Tokyo Filming Locations Pt I: You Only Live Twice

One of the first major international films to use Japan’s capital as a backdrop was the 1967 James Bond film ‘You Only Live Twice’ starring Sean Connery. Despite being killed off before Nancy Sinatra’s beautiful 007 theme kicks in its just a crafy strategy. Bond goes on a mission to Japan 16 minutes into the film starting at the sumo arena (more commonly known as Kokugikan) in Ryogoku. He enters the changing rooms where yokozuna (‘grand champion’) Sadanoyama Shinmatsu gives him his ticket and the match is between Kotozakura Masakatsu and Fujinishiki Takemitsu which he seemingly only watches for a few moments before leaving with Aki. The address is 1-3-28 Yokoami, Sumida-ku.

   

The New Otani Hotel at 4-1 Kioi-cho, Chiyoda-ku near Akasaka-Mitsuke station plays the part of Osato Chemicals exterior for a few brief moments after 24, 28, 36 and 41 minutes. Its small, but peaceful gardens round the back are worth a visit for anyone wishing to take a break from the concrete jungle.

 

 

Bond escapes Osata Chemicals in a car with the help of Aki who avoids his questions which makes him suspicious and she flees to a secluded subway station which is Nakano-Shimbashi on the Marunouchi Line (28 mins). This is the private transportation hub of Japanese secret service leader “Tiger” Tanaka who many years later appeared in Raymond Benson’s ‘The Man With The Red Tattoo’ book. Bond is hot on her trail and follows her down the steps seen below right and on to the platform which is obviously a bit different these days. Believe it or not taking such simple photos wasn’t quite so straightforward as when I was down the far end of the platform a member of staff came down to tell me not to take photos. I asked him why not a few times before giving up as people just don’t question rules in this country. He must have seen me on the CCTV cameras but thankfully I’d got my shot just before he intervened.

      

On yet another escape from Osata Chemicals, Bond and Aki drive by Yoyogi National Gymnasium (above right) on 42 mins. This escape leads them well away from Tokyo to the docks of Kobe where he tries to dodge SPECTRE agents. The photo below left was taken in Kobe Harbour in May and the red bridge in the background appears briefly before the exciting roof-top scene below right.

 

The helicoptor flight (54 mins) was filmed above Ebino in Miyazaki prefecture. Himeji castle appears after 69 mins and is under extensive reconstruction at the moment but luckily I captured it back in 2005. This white castle is the Ninja training school where Bond turns Japanese and the shots below all get a second or two of screen time!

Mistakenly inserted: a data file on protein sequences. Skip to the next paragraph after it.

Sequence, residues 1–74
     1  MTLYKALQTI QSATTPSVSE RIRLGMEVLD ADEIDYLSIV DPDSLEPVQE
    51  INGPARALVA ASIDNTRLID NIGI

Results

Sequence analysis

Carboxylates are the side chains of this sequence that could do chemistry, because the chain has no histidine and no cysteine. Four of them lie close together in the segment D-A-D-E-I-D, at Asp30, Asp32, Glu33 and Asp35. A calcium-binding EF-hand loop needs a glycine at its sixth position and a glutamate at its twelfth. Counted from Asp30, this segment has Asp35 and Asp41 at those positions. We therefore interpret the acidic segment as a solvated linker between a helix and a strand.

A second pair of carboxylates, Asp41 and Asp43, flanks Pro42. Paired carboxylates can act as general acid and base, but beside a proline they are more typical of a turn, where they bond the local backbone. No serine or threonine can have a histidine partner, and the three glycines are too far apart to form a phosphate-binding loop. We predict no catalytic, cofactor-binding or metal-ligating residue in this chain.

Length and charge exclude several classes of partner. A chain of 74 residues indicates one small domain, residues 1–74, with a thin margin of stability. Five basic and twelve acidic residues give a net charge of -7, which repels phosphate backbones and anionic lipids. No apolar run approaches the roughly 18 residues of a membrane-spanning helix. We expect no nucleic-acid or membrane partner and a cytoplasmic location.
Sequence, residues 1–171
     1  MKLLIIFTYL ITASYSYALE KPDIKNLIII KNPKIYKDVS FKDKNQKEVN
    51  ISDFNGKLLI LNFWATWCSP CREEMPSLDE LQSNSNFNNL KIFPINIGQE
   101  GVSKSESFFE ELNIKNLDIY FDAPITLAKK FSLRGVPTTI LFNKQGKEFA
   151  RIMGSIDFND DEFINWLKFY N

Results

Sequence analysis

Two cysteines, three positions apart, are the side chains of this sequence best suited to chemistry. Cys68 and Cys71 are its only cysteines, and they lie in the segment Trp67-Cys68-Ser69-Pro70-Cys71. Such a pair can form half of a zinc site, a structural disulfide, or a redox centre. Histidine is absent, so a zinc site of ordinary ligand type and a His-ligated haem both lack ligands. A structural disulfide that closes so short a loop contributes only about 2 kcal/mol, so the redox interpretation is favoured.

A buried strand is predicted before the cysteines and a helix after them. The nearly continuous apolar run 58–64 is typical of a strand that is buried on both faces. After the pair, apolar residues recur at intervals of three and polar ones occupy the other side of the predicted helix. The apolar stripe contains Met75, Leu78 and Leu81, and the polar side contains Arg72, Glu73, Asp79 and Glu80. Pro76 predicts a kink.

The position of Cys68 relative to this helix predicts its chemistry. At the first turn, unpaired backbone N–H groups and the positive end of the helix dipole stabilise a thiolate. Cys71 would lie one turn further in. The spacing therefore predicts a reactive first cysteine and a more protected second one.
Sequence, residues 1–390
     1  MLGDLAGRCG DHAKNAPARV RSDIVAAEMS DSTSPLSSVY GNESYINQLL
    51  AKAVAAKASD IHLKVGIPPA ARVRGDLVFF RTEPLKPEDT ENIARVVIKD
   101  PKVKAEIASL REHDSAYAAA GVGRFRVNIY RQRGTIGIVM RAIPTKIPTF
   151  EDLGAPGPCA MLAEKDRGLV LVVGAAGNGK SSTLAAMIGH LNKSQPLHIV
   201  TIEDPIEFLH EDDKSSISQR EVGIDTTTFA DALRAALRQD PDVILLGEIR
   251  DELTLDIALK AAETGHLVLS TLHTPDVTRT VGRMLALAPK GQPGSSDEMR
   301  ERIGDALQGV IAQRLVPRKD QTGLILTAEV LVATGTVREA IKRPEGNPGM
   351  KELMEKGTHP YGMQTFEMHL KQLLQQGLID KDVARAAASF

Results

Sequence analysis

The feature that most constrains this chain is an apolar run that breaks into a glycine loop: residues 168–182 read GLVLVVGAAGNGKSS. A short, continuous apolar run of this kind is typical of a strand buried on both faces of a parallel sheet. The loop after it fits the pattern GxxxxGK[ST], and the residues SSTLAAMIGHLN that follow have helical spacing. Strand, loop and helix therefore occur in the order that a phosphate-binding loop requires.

After Aki meets her inevitable demise, Bond limbers up (76 mins) in the West Bailey. When I was in Himeji back in May I had only one screenshot with me and was most surprised to see that the stone statue thing behind Sean Connery was still knocking about. Needless to say I was the only person in the whole place who took an interest in this piece of concrete!

 

Kirishima National Park in Kagoshima (on Japan’s southern main island) is the extinct volcano which can be seen briefly on 87 mins with the interior of Bolfeld’s hideout filmed back in the UK at Pinewood studios.

See other James Bond filming locations by clicking on the cities below:

London   Prague   Venice   Como   Istanbul   Las Vegas

Advertisements

Himeji Filming Locations: James Bond & Kagemusha

The second full-day of my trip saw me go west to Himeji which is famous for its castle. At the moment its not too much to look at though and nor will it be for for the next five years as its under reconstruction and basically has a huge bag covering up the main part (below left) Luckily I saw the castle five years ago in its full glory (below right) so I wasn’t too gutted to see it in its current state. On that previous visit it was closed but I did see the inside of it this time.

 

If you’ve ever seen James Bond in ‘You Only Live Twice’ (1967) then you may recognise this place as the ninja training school. I had one screenshot with me and was most surprised to see that the stone statue thing behind Sean Connery was still knocking about. It can be found in the West Bailey and needless to say I was the only person in the whole place who took an interest in this piece of concrete!

   

Despite being made nearly 45 years ago it was still possible to locate some of the shooting scenes which feature below and in the picture above right.

 

Another film to be shot at Himeji-jo was Akira Kurosawa’s ‘Kagemusha’  (The Shadow Warrior) in 1980 which is set in medieval times. This movie became known to me as it was bankrolled by 20th Century Fox who were convinced by George Lucas and Francis Ford Coppola to fund the remainder of the film in exchange for its international distribution rights after Toho Studios couldn’t fulfill the budget demands of the film.

 

Himeji-jo wasn’t actually my first stop of the day though as I took a 30 minute bus ride to Mount Shosha which needed an additional ropeway to get there. The reason for visiting this mountain was to visit the sacred and peaceful Engyoji temple which is a nice 25 minute walk away. This mountaintop temple complex gets you away from the really big crowds and the wooden auditorium of Daikodo is lovely though not as old as one may think as in true Japanese fashion it was dismantled, repaired and restored in 1959 having originally been constructed at the end of the 15th century.